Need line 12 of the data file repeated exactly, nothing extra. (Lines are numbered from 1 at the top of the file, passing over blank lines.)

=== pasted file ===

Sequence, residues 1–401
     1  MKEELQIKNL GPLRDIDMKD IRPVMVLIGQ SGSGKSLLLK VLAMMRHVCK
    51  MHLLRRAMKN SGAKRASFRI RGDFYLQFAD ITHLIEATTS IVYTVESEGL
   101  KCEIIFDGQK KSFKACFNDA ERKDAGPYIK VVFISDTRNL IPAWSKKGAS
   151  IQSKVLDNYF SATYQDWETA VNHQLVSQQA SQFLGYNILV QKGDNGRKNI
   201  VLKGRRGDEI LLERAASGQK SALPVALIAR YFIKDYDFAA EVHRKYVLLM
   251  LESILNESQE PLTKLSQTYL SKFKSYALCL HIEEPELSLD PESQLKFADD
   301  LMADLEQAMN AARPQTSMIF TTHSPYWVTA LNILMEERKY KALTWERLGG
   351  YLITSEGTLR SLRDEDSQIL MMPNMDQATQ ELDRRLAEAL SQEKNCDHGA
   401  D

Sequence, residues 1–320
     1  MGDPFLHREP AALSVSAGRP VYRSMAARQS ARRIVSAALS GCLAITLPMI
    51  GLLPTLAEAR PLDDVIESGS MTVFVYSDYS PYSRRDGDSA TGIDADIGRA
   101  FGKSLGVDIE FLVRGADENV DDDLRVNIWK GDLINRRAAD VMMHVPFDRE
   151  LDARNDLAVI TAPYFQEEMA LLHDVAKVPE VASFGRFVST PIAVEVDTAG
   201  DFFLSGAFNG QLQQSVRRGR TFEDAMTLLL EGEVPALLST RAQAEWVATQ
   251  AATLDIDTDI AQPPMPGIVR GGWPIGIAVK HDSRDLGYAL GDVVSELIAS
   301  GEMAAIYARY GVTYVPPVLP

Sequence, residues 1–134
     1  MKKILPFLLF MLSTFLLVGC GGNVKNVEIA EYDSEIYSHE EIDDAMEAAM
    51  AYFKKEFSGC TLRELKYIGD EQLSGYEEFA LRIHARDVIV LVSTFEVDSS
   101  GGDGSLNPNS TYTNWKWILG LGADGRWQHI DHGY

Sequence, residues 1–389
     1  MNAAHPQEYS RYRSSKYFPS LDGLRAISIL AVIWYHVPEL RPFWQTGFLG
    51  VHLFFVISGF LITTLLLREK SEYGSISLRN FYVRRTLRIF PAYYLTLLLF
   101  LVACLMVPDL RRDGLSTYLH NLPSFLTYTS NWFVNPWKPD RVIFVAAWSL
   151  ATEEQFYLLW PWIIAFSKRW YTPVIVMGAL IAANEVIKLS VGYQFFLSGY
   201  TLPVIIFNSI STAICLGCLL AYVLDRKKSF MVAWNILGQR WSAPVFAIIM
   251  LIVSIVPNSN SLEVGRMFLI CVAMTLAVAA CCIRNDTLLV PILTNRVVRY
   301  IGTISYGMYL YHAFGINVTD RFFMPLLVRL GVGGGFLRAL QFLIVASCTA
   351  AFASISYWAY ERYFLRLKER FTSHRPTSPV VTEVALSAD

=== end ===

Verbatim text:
     1  MGDPFLHREP AALSVSAGRP VYRSMAARQS ARRIVSAALS GCLAITLPMI